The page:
Jhăna means closely observing an object with fixed attention. Concentrated attention given to a selected object of meditation such as respiration for tranquillity concentration gives rise to samatha jhăna; whereas noting the characteristic nature of rupa, năma and contemplating on their impermanence, unsatisfactoriness and insubstantiality brings about vipassană jhăna. We have given the following summarised note for easy memory:
1. Close observation with fixed attention is called jhăna.
2. There are two types of jhăna: samatha jhăna and vipassană jhăna.
3. Fixed attention to develop only tranquillity is called samatha jhăna.
4. Contemplating on the three characteristics constitute vipassană jhăna.
5. There are three kinds of samădhi (concentration): momentary, access and absorption (or fixed) concentration.
The momentary concentration mentioned above refers to the fairly calm state before access concentration is attained in the course of meditating upon tranquillity meditation objects (samatha kammathăna objects) and also to the vipassană samădhi. As explained above, of these two, the vipassană samădhi is also called access concentration because it has the same characteristic of suppressing the hindrances as access concentration. When Vipassană concentration becomes strongly developed, it can keep the mind well-tranquilized just like the absorption concentration. This has been clearly borne out by the personal experiences of the yogis practising Satipatthăna meditation.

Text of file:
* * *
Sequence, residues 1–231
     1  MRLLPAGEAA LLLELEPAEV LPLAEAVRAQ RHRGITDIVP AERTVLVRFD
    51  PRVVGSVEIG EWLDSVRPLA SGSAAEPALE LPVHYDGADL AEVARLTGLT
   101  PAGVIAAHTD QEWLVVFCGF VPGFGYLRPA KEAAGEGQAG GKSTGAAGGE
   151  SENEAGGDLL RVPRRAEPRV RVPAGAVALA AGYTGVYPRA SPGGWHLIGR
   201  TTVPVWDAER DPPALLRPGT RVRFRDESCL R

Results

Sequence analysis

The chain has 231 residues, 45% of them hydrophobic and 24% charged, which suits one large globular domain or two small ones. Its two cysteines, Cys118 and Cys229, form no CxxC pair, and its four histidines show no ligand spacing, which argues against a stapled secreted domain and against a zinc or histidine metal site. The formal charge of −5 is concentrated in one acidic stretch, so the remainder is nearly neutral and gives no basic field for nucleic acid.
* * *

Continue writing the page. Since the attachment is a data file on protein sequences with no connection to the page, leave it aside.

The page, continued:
Therefore, in the Mahă Tika, the sub-commentary to the Visuddhi Magga, we find: ‘True, khanika cittekaggata is (vidassană) samădhi which lasts for only the duration of the moment of each arising. When vipassană khanika samădhi occurs uninterrupted with năma and rupa as its meditative objects, maintaining tranquillity in a single mode at a stretch and not being overcome by opposing defilements, it fixes the mind immovably as if in absorption jhăna.
Accordingly, a person engaged in Vipassană meditation and intent on developing himself up to the path and fruition stage, should endeavour, if possible, to reach the first jhăna or the second, the third, the fourth or all the four jhănas. And when having any of them, he should train himself to maintain them and be skillful with them. Failing, however, to reach the jhanic stage, he should strive to bring about the access concentration in the neighbourhood of the jhăna.
The vipassană yănika, on the other hand, who begins with contemplation on năma and rupa such as the four primaries, should try to become established in vipassană khanika samădhi which is capable of suppressing the hindrances just like the access concentration. When fully established thus, the series of insight knowledge will arise beginning with the analytical knowledge concerning năma and rópa (nămarupa pariccheda ńăna ). Thus vipassană khanika samădhi and access concentration are also to be regarded as the path of Right Concentration.
We have dealt fairly comprehensively with the path of Right Concentration. We shall now proceed to elaborate on the path of knowledge (pańńă).
THE PATH OF RIGHT VIEW